Nightshifts are hell. There is no other way to describe the way they completely wreck your internal body clock, deprive you of natural light and take away all social contact from your life.
When I started this job we still did seven night shifts in a row each lasting twelve hours, however in reality you were often there for thirteen or even fourteen hours as you couldn’t leave until the Post Take Ward Round was over. In my hospital, this round starts at 8am run by the consultant on call and reviews all the patients that were admitted the night before, which on a weekend night could be over fifteen people. The one good thing about leaving work a bit later was the sunlight. If you do these shifts in the winter, it is completely possible to never see the sun. It hasn’t risen by the time you get home and go to bed and it has set by the time you wake up. Let me tell you, this is beyond depressing. Leaving at 11am at least meant that I could walk home with the sun on my face, not that it was exactly strong in the north of England in November time.
Despite my complaining, by night three you do start to slip into a routine. You get home around 11.30am and get straight into bed feeling too tired to even think of having something to eat. The alarm then goes off at around 7.30pm. I would force myself out of bed, shower and eat whatever was in my fridge that didn’t require much preparation. At 8.30pm it was time to set off for work again, on the way I’d stop at the corner shop and stock up on cheese and onion crisps, chunky kitkats and Pepsi to keep me going through the shift and then handover started at 9pm. There was no time for friends, fun or any type of life during this week and seven days like this can really drag.
The best part of nights for me was getting to know the nurses on the different wards I covered. They were always the first ones to make the coffee when I looked about ready to drop, the ones with a funny story when my mood lowered and the only other person to ever offer to answer my never ending bleep for me when I had my hands full. It was this week of nights that made me realise that the nurses weren’t to be feared like we were led to believe at medical school. As long as you weren’t an arrogant idiot (which unfortunately couldn’t be said of all my colleagues) and were able to take a joke, the nurses could be one of your closest allies as a junior doctor. God help those arrogant idiots however! I think they forgot who had access to their bleep and if you were going to be rude, then that bleep wasn’t going to stop all night. I always thought it was amazing how stupid these people could be, they never seemed able to put the two things together. They would just assume it was the same for all of us. I never corrected their assumption.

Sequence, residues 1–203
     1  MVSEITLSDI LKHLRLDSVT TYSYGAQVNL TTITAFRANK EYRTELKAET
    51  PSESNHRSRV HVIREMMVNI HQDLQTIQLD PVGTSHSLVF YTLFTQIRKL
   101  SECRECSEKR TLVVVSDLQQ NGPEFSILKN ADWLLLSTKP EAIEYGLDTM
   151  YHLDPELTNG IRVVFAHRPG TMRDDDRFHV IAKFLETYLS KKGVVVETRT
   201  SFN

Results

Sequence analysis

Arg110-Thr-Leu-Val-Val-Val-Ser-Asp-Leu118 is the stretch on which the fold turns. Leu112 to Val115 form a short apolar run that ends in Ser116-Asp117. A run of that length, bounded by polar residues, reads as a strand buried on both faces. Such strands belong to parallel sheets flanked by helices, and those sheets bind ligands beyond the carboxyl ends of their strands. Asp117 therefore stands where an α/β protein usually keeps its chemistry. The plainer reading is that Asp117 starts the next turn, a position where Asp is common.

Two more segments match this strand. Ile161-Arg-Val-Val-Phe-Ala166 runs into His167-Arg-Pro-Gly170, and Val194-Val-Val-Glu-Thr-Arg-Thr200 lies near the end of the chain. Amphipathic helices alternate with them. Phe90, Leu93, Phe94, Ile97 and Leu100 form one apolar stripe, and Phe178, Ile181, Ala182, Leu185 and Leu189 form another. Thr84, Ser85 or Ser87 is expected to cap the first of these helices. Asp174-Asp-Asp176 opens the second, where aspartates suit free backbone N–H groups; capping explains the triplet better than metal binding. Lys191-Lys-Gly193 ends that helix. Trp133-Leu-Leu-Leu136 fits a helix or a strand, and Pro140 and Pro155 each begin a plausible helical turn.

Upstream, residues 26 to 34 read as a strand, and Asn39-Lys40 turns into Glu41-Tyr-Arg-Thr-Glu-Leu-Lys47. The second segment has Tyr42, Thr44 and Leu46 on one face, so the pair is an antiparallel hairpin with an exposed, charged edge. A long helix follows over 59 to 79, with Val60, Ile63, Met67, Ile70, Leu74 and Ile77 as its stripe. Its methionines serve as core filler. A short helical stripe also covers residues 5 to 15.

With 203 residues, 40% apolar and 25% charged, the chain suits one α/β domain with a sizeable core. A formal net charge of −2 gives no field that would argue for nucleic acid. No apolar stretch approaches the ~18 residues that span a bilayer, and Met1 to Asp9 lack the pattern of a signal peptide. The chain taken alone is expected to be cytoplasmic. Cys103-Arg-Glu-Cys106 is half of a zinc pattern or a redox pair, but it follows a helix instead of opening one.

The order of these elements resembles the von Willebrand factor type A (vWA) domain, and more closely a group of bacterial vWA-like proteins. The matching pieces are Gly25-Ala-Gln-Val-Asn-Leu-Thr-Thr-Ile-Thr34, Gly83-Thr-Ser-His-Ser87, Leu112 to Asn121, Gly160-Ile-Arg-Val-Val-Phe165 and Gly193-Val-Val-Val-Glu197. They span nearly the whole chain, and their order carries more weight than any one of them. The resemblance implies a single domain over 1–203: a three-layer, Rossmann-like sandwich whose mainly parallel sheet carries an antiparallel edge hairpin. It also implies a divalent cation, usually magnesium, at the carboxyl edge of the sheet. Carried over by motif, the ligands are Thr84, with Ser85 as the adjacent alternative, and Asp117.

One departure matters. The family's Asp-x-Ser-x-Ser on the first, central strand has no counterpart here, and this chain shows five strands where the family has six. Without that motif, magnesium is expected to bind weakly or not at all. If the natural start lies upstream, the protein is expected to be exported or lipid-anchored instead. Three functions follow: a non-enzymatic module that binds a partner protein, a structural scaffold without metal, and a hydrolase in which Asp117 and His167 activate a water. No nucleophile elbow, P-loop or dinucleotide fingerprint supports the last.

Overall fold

Nights always gave you access to the crazy side of the patients as well. I don’t mean true psychiatric illness by this, I wouldn’t be so simplistic as to label this ‘crazy’. No I mean the type of elderly patient who by day is lying in bed with a smile on his face offering Toffees to the staff, patients and visitors and then by night turn into a weapon wielding maniac. On night four I was bleeped to go and help a ward deal with one of these situations. A 79 year old man being treated for a chest infection had woken up at 2am and become confused as he did not recognise where he was, this confusion melted into fear which led him to feeling the need to defend himself. He had jumped out of bed, grabbed the drip stand at the side of him and started to swing it around like a sword, in the process he had pulled out the other end of the drip that was attached to his hand and sprayed blood over the wall and floor. As I arrived on the ward Mr Thompson was standing by the nurses’ station, holding the drip stand in an attack position. There were two nurses on each side of him trying to calm him down in a gentle voice and behind them they had a security guard each. Security stood there looking suitably gruff and angry, as you would expect from 6ft of security guard. Every time someone got too close to Mr Thompson he would swing the stand towards the perceived threat using all the energy left in his frail body. I have to say, I was impressed with the energy and power behind the swing. I wasn’t surprised to learn later that he had been in the army for much of his working life.
“Mr Thompson?” I asked. “My name is Dr Randal and I’m the on call doctor tonight, can we have a chat?”
“Fuck off!” He barked back at me.
“Do you want us to disarm him?” Mr Security Guard asked with a glint of excitement in his eye.
“No! He’s not a professional gunman! He’ll get hurt.” I said, a little shocked at their gung-ho attitude.
“Mr Thompson, have a look at my ID badge, I’m a doctor and you’re in hospital.”
“I can’t see that!” He said as I passed him my badge, just ducking in time to avoid the stand as it rushed over my head. “I want to go home!”
“You’ve not been well sir, you need to get back into bed and let us look after you.”
“I want to call my wife.”